JAX London 2014: A retrospective
Developer debates

Is Oracle doing enough for Java 9?

Coman Hamilton
debate

Three top Java experts give us their two cents on the (in)famous new Java 9 features announced in August.

The news of new Java 9 features caused quite a storm among the Java community. The response in online forums ranged from disappointed (“Sounds more like Java 8.1“) to riled up (see the controversial getters and setters debate).

We asked three Java pros to give us their verdicts on the new features confirmed by Oracle.

Too little, too soon?

Stephen Colebourne, who contributed to the development Java 8’s Date and Time API, argues, like many other Java developers, these features are exactly life-changing.

The harsh reality is that the most interesting things (value types et al) won’t see the light until Java 10 at the earliest, which is a very, very long time away.

Modularisation of the JDK feels remarkably uninteresting, and the potentially useful, developer-facing side of it (like being able to find all subclasses of a type, or all methods specifying a given annotation) may not actually happen. The other features are unlikely to make a big difference to my life I suspect.

Jamie Allen, JAX London speaker and Director of Global Services at Typesafe agrees that Oracle’s plans for Java 9 aren’t much to write home about:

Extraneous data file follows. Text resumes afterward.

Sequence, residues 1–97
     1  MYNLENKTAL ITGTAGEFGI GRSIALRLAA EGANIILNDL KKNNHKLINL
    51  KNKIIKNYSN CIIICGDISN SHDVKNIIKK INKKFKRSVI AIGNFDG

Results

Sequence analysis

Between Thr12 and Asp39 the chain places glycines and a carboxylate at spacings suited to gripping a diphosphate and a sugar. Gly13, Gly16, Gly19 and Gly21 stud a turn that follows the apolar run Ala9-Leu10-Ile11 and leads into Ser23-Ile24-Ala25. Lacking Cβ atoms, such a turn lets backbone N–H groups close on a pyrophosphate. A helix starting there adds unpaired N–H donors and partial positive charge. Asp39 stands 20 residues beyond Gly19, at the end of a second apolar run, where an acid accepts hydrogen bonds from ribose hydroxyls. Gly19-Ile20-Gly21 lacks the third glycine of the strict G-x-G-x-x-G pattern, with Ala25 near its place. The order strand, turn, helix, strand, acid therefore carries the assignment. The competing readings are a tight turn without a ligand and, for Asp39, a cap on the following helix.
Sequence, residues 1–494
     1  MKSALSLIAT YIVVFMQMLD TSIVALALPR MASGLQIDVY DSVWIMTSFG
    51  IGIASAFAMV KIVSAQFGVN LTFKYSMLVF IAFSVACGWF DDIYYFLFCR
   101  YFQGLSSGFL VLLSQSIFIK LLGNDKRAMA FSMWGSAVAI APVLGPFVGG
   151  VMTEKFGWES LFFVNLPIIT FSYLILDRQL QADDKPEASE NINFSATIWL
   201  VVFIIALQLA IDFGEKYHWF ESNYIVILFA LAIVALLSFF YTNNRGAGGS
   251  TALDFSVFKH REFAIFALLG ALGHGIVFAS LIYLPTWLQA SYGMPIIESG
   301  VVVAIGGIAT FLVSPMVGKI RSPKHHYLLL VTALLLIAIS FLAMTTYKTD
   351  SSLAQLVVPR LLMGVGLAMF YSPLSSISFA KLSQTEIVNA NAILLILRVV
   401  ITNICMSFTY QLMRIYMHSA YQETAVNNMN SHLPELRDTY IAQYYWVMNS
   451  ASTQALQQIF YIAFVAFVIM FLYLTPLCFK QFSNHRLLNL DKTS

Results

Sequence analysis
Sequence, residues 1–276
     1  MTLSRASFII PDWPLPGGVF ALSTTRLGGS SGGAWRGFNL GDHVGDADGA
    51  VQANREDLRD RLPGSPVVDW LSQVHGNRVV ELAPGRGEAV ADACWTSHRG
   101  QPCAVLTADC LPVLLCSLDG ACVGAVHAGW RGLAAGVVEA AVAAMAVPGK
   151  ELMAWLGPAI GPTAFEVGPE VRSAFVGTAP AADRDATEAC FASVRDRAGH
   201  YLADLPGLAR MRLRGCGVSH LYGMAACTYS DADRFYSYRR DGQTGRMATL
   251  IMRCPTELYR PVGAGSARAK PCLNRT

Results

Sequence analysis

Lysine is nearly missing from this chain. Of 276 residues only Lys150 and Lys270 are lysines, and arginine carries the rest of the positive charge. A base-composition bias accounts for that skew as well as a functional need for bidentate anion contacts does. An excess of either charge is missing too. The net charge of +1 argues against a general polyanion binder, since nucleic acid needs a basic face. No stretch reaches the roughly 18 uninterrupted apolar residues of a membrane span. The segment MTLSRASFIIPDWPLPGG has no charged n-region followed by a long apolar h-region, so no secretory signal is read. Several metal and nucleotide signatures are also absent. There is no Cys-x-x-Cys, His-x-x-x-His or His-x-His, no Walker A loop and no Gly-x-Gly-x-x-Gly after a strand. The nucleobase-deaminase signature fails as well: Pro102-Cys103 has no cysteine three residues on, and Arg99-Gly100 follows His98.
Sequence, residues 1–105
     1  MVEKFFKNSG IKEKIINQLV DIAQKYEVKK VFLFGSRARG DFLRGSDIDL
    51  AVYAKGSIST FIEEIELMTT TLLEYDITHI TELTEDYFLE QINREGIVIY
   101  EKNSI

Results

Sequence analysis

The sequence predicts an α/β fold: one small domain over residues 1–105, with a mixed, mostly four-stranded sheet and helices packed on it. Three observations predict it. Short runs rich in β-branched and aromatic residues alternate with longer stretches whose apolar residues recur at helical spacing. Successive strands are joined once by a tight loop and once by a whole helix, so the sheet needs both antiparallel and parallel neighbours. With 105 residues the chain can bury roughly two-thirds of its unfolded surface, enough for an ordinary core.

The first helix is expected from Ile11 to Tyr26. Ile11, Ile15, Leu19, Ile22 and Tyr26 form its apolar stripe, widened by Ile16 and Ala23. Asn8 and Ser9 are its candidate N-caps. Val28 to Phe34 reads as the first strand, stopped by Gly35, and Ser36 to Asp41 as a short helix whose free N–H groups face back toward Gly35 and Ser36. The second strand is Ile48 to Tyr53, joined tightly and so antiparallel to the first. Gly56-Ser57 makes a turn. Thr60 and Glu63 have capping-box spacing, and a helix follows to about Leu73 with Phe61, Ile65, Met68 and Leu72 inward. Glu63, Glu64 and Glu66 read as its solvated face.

I’m not particularly big on any of the concrete features that will be in this release. I am keen on one that could be, but most likely won’t: I’m most intrigued by the possible (though unlikely?) inclusion of Value Types in Java 9, an effort being led by John Rose, Brian Goetz and Guy Steele.

It would be a huge performance win to avoid boxing and be able to treat certain kinds of data as primitives, even in collections. Additional benefits include smaller memory footprint and increased locality, aiding low-level performance.

A HTTP 2 client and new APIs ain’t nothing

But Alex Hanschke, author of Getting started with Play, tells us that at least some of the new features will be making his life easier.

Dealing with web applications most of the time I definitely look forward to the new HTTP 2 client, especially the part of handling WebSockets.

Aside from that I’m really curious to see the improvements in the process API. I’ve recently build an application which runs system-level processes and it was too complex to register callbacks for process executions or to easily run processes in batch. I also hope that we can set process names in the future, so when having to kill a process it doesn’t just say “Java” which is the same as for another dozen of processes (Tomcat etc.) – so you don’t risk killing the wrong process.

I don’t care much about the other improvements. JSON is nice-to-have but there are libraries out there so it’s not really a pain to live without it. The performance features sound nice as well but I don’t maintain any applications where I think I will notice a performance gain immediately (though it’s surely nice to have them as well).

You can read up on all Java 9 features confirmed by Oracle right here.

Debate image via Shutterstock

Author
Coman Hamilton
Before joining S&S Media Group as editor of JAXenter.com, Coman completed an MA in Cultural Studies and wrote for numerous publications and magazines, as well as several ad agencies. Coman also manages the tech publisher developer.press.
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